Monday, March 15, 2010

People in power make better liars

By Eve Tahmincioglu contributor
updated 6:57 p.m. ET, Mon., March. 15, 2010

New York Gov. David Paterson is embroiled in a scandal over whether he used his power and influence to intimidate a woman pursuing a domestic violence case against one of his top aides.

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Former Enron CEO Jeffrey Skilling, who went to prison after the spectacular collapse of the company, is appealing to the Supreme Court his 2006 conviction on 19 counts of fraud, conspiracy, insider trading and lying.

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There’s old saying: power corrupts. A new Columbia Business School study titled “People with Power are Better Liars” finds there may be truth behind the cliché.

“People in power are able to lie better,” said Dana Carney, a management professor at Columbia Business School and one of the co-authors of the study. “It just doesn’t hurt them as much to do it.”

The effects of lying
For the average liar, she said, the act of lying elicits negative emotions, physiological stress and the fear of getting caught in a lie. As a result, she added, liars will often send out cues that they are lying by doing things like fidgeting in a chair or changing the rate of their speech.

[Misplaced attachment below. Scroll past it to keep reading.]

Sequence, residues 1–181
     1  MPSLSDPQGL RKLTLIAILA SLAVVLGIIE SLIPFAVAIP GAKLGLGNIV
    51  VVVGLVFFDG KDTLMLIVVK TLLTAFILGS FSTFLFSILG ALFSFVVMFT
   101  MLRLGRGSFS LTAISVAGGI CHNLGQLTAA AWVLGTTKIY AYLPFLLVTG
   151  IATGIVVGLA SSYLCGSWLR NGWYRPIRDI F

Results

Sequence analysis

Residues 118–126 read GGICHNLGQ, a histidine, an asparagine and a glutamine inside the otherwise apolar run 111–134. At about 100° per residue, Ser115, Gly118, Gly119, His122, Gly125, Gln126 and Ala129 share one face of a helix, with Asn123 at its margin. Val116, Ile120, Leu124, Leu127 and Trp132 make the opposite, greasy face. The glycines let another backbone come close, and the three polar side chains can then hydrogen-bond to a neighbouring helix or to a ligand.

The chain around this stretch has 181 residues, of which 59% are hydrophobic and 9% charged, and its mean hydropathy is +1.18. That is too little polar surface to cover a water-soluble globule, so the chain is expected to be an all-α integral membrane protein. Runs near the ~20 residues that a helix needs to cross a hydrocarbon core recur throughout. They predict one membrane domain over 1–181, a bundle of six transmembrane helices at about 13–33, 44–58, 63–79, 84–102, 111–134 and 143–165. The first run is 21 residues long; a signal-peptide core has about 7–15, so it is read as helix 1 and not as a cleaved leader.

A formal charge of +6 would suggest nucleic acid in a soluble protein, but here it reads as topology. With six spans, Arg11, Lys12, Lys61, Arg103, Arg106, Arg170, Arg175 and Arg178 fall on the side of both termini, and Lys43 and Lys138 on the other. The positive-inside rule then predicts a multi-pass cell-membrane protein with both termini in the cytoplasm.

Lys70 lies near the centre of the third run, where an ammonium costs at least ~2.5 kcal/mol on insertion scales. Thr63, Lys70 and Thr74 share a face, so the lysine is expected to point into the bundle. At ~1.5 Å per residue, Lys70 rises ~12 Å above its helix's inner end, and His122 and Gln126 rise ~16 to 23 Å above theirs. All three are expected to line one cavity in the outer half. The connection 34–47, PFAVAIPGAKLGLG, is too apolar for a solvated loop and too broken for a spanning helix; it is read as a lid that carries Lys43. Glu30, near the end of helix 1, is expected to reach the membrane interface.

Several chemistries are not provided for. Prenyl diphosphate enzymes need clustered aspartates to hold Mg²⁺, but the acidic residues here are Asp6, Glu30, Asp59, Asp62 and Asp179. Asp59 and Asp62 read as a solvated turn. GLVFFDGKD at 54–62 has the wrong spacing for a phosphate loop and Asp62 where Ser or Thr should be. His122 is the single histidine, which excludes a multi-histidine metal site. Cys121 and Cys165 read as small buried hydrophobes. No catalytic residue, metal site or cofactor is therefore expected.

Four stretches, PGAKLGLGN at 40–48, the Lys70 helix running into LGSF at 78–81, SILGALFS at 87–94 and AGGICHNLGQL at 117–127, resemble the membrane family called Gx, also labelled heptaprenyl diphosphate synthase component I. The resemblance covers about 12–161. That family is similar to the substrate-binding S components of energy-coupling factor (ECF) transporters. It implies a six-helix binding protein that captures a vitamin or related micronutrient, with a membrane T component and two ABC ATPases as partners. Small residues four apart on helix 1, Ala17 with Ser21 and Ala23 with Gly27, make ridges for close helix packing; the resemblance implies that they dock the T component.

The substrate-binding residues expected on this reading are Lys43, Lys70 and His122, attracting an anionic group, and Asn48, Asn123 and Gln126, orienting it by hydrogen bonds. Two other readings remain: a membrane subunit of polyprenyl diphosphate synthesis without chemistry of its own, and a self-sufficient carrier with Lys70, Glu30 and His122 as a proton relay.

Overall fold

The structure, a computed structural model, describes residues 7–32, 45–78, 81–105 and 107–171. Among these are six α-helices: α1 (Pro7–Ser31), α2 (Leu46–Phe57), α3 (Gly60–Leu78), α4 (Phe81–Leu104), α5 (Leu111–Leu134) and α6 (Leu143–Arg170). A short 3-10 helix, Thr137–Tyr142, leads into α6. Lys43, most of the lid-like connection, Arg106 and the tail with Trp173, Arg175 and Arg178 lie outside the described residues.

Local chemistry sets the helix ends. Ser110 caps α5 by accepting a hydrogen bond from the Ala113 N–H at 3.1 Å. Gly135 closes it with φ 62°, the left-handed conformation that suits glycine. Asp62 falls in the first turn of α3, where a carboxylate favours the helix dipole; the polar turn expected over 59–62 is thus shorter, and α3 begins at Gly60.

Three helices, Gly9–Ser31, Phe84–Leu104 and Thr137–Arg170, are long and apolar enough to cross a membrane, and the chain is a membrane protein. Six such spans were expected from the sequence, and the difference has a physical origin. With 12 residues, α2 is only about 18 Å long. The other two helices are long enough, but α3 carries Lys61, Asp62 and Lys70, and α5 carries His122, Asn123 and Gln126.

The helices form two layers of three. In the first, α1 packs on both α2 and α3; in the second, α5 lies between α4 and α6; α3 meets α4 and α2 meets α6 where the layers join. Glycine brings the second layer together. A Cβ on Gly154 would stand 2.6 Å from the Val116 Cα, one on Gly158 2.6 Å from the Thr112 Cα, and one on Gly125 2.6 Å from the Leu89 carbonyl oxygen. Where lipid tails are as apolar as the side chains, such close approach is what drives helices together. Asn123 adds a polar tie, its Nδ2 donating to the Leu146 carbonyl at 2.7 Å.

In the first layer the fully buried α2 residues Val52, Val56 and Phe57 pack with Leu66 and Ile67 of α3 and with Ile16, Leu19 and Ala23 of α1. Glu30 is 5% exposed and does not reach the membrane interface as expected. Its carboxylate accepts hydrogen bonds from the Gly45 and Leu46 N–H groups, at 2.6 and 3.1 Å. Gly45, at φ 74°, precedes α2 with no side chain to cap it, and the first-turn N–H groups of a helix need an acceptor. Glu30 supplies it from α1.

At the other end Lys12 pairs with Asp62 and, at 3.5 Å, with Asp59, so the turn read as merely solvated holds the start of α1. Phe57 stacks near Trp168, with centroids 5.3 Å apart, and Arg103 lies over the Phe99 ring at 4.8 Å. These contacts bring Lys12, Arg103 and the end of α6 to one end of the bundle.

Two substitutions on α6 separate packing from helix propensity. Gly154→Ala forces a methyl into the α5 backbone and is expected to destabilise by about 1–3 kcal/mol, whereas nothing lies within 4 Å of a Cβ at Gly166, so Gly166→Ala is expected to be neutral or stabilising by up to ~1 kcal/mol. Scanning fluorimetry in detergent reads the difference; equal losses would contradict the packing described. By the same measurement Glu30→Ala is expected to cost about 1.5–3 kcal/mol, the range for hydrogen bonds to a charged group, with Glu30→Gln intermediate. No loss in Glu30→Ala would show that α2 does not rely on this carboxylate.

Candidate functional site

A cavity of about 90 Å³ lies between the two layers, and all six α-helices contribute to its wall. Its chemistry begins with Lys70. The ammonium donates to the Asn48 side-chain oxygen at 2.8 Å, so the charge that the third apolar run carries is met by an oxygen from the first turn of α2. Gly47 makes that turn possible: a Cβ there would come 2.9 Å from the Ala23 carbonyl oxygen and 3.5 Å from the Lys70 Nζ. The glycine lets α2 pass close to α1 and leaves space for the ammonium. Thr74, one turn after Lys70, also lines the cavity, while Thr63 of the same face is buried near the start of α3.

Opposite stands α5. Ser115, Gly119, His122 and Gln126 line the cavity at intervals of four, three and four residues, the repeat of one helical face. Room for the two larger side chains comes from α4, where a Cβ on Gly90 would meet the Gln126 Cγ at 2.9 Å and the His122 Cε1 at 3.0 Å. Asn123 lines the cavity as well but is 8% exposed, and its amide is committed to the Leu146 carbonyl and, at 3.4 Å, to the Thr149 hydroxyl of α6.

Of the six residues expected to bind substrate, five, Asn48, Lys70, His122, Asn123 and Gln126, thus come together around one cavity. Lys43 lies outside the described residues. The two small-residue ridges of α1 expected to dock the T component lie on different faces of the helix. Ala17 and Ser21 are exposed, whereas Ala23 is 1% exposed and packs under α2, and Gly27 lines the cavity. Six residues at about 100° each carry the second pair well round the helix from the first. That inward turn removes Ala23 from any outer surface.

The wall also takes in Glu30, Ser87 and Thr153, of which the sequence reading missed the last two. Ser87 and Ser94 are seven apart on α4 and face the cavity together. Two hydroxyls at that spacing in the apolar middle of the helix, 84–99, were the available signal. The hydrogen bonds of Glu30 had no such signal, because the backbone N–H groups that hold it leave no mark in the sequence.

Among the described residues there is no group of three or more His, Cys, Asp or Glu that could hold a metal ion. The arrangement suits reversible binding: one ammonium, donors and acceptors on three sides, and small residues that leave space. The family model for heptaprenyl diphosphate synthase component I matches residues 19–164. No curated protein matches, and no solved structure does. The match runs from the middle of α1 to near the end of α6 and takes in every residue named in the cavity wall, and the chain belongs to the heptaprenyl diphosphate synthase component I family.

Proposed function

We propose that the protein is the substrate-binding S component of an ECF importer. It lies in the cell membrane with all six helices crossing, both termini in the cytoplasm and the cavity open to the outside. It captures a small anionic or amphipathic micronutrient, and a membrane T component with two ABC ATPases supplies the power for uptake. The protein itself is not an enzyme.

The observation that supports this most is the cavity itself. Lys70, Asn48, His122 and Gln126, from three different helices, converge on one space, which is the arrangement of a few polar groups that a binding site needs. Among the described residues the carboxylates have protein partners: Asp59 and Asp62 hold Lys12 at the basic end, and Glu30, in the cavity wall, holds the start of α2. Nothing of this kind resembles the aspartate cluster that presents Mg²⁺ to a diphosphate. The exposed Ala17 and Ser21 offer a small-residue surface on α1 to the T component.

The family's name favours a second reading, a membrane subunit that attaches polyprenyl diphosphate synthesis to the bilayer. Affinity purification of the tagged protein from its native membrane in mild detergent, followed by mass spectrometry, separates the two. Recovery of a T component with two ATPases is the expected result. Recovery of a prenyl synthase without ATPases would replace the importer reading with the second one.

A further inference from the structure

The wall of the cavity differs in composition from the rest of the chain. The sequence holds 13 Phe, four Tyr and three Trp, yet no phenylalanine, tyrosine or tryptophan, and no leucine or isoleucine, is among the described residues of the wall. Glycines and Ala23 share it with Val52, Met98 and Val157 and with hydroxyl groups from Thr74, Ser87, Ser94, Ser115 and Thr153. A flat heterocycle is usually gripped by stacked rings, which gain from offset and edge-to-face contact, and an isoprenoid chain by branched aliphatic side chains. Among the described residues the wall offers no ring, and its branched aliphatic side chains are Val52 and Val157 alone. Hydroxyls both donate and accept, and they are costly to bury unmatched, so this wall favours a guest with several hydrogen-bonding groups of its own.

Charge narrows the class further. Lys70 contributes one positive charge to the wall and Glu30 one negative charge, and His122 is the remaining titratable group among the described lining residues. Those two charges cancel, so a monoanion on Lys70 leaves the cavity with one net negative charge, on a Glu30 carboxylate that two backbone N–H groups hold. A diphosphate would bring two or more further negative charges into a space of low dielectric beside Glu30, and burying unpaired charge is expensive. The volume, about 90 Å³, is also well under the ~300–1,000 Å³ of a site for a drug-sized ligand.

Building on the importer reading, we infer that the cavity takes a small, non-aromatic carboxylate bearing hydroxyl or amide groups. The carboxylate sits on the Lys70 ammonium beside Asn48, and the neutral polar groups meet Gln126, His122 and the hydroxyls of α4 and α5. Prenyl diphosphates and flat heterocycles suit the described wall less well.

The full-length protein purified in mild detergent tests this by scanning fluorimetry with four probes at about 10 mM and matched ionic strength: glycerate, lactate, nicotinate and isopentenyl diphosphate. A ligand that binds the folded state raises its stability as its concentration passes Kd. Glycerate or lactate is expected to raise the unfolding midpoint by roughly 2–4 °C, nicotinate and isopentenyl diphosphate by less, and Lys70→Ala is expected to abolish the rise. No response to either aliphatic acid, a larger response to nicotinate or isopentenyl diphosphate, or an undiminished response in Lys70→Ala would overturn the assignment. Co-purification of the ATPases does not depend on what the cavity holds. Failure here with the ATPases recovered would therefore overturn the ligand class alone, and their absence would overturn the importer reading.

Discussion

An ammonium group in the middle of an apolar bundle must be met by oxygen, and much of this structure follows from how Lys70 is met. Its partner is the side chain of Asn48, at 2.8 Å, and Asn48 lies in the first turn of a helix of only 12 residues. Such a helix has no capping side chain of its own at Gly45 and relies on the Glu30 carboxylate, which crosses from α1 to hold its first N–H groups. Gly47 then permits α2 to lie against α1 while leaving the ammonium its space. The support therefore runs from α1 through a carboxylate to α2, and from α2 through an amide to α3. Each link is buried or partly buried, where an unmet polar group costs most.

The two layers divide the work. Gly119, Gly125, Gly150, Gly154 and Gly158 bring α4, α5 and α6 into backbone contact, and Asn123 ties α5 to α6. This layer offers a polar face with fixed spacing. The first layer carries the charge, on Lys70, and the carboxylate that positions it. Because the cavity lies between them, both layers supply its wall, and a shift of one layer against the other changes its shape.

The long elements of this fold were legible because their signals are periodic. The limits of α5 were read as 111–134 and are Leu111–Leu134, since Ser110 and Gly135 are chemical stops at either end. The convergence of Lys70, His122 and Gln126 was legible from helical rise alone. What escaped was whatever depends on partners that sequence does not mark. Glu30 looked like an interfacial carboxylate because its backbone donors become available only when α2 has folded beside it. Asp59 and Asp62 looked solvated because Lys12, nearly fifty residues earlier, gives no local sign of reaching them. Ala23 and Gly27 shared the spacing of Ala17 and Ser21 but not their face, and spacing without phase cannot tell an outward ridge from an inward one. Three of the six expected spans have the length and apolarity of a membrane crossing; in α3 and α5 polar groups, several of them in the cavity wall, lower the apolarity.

But for the powerful, the impact is very different, according to the study:

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How does this all translate into the real world? Carney said the research doesn’t show that power leads to lying, but it does suggest dishonesty comes easier to those in power.

David Childers, the CEO of EthicsPoint, a compliance company that offers more than 2,000 businesses a hotline where employees can report business issues such as integrity lapses, said he has seen a propensity by some leaders to lie.

“From my perspective and experience, the better a person can do at concealing their true motivation, the better they do climbing the corporate ladder, and the better they do in abuse and misappropriation of assets in an organization,” he said. “We see a high percentage of our reports where management is involved or implicated.”

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It is certainly feasible that power may enhance one's power to lie convincingly. However, the fact that liars often have an advantage in getting ahead is easily observed.


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